Photography plays a crucial role in his art due to its often ephemeral and transient state. Photographs (made primarily by Goldsworthy himself) of site-specific, environmental works allow them to be shared without severing important ties to place. According to Goldsworthy, "Each work grows, stays, decays – integral parts of a cycle which the photograph shows at its heights, marking the moment when the work is most alive. There is an intensity about a work at its peak that I hope is expressed in the image. Process and decay are implicit."

Photography aids Goldsworthy in understanding his works, as much as in communicating them to an audience. He has said, “Photography is my way of talking, writing and thinking about my art. It makes me aware of connections and developments that might have not otherwise have been apparent. It is the visual evidence which runs through my art as a whole and gives me a broader, more distant view of what I am doing.”

Documentary films on Goldsworthy

Goldsworthy is the subject of a 2001 documentary feature film called Rivers and Tides, directed by Thomas Riedelsheimer. In 2018, Riedelsheimer released a second documentary on Goldsworthy, Leaning Into the Wind.

Personal life

In 1982, Goldsworthy married Judith Gregson; they had four children together before separating. He now lives in the Scottish village of Penpont with his girlfriend, Tina Fiske, an art historian.


  • 1979 – North West Arts Award
  • 1980 – Yorkshire Arts Award
  • 1981 – Northern Arts Award
  • 1982 – Northern Arts Award
  • 1986 – Northern Arts Bursary
  • 1987 – Scottish Arts Council Award
  • 1989 – Northern Electricity Arts Award
  • 2000 – Appointed officer of the Order of the British Empire (OBE)

Exhibitions and installations

Image Dates Title Location
1995–2008 Sapsucker Cairn Ithaca, New York, USA
Andy Goldsworthy-Fold1.jpg 1996–2003 Sheepfolds Cumbria, England, UK
Stone House (Andy Goldsworthy 1997).JPG 1997 Stone House Herring Island, Victoria, Australia
Cairn (Andy Goldworthy 1997).JPG 1997 Cairn Herring Island, Victoria, Australia
1998 Hutton Roof National Museum of Scotland

Edinburgh, Scotland, UK

22 May –
15 November 2000
Andy Goldsworthy at Storm King Art Center
(featuring the installation Storm King Wall)
Storm King Art Center

Mountainville, Cornwall, New York, USA

August 2001 Stone River Cantor Arts Center, Stanford University

Stanford, California, USA

2002 Andy Goldsworthy Arch at Goodwood Cass Sculpture Foundation

Goodwood, West Sussex, England, UK

Boulder on the Chalk Stones Trail.jpg 2002 Chalk Stones Trail South Downs near West Dean, West Sussex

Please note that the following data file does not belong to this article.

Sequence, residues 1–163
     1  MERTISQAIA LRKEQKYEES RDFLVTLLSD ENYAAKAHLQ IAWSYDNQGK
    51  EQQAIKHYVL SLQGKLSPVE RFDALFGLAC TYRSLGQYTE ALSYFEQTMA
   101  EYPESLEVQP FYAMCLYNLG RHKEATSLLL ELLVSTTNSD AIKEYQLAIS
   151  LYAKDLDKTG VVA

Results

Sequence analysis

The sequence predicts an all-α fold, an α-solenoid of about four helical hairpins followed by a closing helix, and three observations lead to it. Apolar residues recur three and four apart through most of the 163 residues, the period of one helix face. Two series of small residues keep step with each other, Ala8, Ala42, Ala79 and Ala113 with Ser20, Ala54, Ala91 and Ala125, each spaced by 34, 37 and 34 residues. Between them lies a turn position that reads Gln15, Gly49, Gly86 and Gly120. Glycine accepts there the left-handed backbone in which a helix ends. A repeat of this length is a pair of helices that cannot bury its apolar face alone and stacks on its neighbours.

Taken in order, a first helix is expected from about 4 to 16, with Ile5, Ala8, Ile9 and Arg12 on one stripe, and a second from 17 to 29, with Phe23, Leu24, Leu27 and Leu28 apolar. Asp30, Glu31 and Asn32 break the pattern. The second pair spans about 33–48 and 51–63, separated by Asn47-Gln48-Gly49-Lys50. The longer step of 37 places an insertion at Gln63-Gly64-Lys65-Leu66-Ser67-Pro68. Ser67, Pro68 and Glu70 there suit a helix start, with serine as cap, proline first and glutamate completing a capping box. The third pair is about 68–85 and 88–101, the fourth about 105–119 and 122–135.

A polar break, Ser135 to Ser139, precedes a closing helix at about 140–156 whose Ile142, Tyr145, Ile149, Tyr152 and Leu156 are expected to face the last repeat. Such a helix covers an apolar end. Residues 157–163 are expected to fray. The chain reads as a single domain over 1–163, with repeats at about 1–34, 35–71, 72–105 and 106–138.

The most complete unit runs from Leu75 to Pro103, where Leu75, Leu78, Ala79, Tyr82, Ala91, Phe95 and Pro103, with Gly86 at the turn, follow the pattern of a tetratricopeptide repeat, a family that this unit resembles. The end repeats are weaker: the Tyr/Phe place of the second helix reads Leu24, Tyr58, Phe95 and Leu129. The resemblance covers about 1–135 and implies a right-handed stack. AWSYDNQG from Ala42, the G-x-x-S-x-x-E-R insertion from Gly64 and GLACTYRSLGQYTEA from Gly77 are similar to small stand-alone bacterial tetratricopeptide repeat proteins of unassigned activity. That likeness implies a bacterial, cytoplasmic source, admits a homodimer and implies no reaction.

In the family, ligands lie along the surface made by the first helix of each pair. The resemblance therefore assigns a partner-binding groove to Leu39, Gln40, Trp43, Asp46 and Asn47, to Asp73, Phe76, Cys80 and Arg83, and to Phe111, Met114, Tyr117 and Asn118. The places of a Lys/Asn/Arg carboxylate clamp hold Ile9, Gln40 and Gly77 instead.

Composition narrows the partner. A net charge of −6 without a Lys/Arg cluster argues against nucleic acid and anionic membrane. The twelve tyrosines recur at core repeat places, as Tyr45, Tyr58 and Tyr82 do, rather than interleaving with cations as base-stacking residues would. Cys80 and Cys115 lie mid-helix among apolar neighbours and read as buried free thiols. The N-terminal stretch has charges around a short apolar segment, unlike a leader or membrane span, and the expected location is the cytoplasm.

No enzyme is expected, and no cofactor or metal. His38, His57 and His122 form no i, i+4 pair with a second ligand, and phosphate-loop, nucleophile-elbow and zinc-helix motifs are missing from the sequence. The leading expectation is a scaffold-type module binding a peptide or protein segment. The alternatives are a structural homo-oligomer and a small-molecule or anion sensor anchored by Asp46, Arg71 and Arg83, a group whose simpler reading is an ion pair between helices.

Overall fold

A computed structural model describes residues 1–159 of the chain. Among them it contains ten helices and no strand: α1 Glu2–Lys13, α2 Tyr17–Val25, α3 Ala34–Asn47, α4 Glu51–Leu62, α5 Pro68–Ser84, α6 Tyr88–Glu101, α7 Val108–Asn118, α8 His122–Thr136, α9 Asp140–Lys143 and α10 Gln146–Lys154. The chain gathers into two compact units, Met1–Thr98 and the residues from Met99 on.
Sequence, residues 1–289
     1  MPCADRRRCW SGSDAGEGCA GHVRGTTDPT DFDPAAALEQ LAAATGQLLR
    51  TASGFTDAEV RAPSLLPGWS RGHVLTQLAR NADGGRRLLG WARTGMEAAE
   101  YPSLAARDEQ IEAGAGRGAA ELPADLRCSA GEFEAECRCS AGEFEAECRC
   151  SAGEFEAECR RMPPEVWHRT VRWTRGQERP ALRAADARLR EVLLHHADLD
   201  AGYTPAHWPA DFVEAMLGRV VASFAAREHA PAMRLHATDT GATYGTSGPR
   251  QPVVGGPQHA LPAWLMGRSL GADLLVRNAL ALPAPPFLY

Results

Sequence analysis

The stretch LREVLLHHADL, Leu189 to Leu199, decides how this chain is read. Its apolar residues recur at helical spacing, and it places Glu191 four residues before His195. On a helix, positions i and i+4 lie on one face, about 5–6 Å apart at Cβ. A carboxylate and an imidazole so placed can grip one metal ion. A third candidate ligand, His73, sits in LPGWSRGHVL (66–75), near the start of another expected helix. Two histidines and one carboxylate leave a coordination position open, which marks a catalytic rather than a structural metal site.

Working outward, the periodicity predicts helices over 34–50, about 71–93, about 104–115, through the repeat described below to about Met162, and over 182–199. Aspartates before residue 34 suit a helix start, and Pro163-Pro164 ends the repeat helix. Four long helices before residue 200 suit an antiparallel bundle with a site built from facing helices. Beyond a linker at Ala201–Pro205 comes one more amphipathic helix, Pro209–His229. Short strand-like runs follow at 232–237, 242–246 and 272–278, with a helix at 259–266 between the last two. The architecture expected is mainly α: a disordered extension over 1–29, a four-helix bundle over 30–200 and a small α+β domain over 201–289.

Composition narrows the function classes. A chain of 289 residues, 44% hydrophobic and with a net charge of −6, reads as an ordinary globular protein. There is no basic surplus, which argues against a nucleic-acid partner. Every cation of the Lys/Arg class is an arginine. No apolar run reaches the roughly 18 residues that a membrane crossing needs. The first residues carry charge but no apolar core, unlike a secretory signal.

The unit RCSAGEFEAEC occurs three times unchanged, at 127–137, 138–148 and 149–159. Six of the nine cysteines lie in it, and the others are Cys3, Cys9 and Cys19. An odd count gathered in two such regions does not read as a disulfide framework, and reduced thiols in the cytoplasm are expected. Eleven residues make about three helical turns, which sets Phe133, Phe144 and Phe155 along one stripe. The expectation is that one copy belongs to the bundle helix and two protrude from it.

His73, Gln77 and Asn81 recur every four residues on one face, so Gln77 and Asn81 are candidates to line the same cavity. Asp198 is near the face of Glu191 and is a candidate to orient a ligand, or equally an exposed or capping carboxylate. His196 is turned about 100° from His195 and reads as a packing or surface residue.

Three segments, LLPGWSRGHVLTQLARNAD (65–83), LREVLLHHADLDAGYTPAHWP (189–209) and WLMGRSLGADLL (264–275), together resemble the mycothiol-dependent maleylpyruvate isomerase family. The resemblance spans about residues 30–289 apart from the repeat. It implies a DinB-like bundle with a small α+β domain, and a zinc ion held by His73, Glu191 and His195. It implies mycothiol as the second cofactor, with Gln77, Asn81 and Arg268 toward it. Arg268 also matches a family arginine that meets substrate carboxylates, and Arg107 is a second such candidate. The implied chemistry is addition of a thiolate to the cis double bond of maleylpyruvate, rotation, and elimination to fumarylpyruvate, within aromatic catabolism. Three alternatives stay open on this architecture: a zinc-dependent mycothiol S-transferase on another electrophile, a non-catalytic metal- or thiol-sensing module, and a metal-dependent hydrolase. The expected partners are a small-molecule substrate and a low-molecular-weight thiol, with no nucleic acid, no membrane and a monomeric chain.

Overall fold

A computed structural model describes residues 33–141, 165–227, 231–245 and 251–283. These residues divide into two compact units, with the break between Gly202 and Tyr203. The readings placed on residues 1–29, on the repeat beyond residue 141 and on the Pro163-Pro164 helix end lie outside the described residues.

2002 Three Cairns Des Moines Art Center

Des Moines, IA USA

4 May –
31 October 2004
Andy Goldsworthy on the Roof

(featuring the installation Stone Houses)

Iris and B. Gerald Cantor Metropolitan Museum of Art Roof Garden

New York City, USA

2005 Andy Goldsworthy: Early Works

A national touring exhibition from the Haywood Gallery

England, United Kingdom
2005 Drawn Stone M. H. de Young Memorial Museum

San Francisco

2005 Arches Gibbs Farm
New Zealand
22 January –
15 May 2005
The Andy Goldsworthy Project

(including the installation Roof)

National Gallery of Art

National Mall, Washington, D.C., USA

2006 Red sandstone wall at the Doerr-Hosier Center Aspen Institute

Aspen, Colorado, USA

YSP goldsworthy 07-3.JPG 31 March 2007 –
6 January 2008
Andy Goldsworthy Yorkshire Sculpture Park

West Bretton, Wakefield, West Yorkshire, England, UK

2007 – 2008 Clay Houses (Boulder-Room-Holes) Glenstone

Potomac, Maryland, USA

October 2008 Spire Park Presidio
San Francisco
June 2009 Refuge d’Art Hiking Trail, Provence, France Provence
Andy Goldsworthy's Wood Line.jpg 2010-11 Wood Line Park Presidio
San Francisco
Domodeargila.png 7 September 2012 –
2 November 2012
Domo de Argila / Clay Dome Cais do Porto

Rio de Janeiro, Brazil

2013 Tree Fall Park Presidio
San Francisco
2014 Earth Wall Park Presidio
San Francisco
2019 Walking Wall Nelson-Atkins Museum of Art

See also

Kids robot.svg In Spanish: Andy Goldsworthy para niños

Further information


  • SPARK Educator Guide . Andy Goldsworthy at the de Young Museum in San Francisco. (Visual Arts: earthworks). (2005).



  • Rivers and Tides (2001) documentary by Thomas Riedelsheimer
  • Leaning into the Wind (2017) documentary by Thomas Riedelsheimer ()
kids search engine
Andy Goldsworthy Facts for Kids. Kiddle Encyclopedia.